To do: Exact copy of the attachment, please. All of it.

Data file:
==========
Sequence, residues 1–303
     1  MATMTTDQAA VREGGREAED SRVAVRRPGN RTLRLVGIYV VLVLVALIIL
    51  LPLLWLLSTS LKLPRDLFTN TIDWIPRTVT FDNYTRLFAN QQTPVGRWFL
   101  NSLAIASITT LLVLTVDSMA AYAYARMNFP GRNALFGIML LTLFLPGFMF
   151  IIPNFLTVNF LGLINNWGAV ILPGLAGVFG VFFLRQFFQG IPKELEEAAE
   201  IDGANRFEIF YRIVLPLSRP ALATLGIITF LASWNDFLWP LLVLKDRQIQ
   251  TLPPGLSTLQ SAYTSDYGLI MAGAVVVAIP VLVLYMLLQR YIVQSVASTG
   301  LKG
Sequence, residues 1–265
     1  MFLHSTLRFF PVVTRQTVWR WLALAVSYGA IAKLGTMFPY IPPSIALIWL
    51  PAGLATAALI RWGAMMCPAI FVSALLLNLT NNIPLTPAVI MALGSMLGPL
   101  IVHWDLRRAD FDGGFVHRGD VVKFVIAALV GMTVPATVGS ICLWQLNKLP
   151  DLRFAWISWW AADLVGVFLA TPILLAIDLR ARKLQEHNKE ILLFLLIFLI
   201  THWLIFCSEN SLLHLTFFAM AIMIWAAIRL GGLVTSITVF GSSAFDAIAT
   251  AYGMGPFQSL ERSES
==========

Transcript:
Sequence, residues 1–303
     1  MATMTTDQAA VREGGREAED SRVAVRRPGN RTLRLVGIYV VLVLVALIIL
    51  LPLLWLLSTS LKLPRDLFTN TIDWIPRTVT FDNYTRLFAN QQTPVGRWFL
   101  NSLAIASITT LLVLTVDSMA AYAYARMNFP GRNALFGIML LTLFLPGFMF
   151  IIPNFLTVNF LGLINNWGAV ILPGLAGVFG VFFLRQFFQG IPKELEEAAE
   201  IDGANRFEIF YRIVLPLSRP ALATLGIITF LASWNDFLWP LLVLKDRQIQ
   251  TLPPGLSTLQ SAYTSDYGLI MAGAVVVAIP VLVLYMLLQR YIVQSVASTG
   301  LKG
Sequence, residues 1–265
     1  MFLHSTLRFF PVVTRQTVWR WLALAVSYGA IAKLGTMFPY IPPSIALIWL
    51  PAGLATAALI RWGAMMCPAI FVSALLLNLT NNIPLTPAVI MALGSMLGPL
   101  IVHWDLRRAD FDGGFVHRGD VVKFVIAALV GMTVPATVGS ICLWQLNKLP
   151  DLRFAWISWW AADLVGVFLA TPILLAIDLR ARKLQEHNKE ILLFLLIFLI
   201  THWLIFCSEN SLLHLTFFAM AIMIWAAIRL GGLVTSITVF GSSAFDAIAT
   251  AYGMGPFQSL ERSES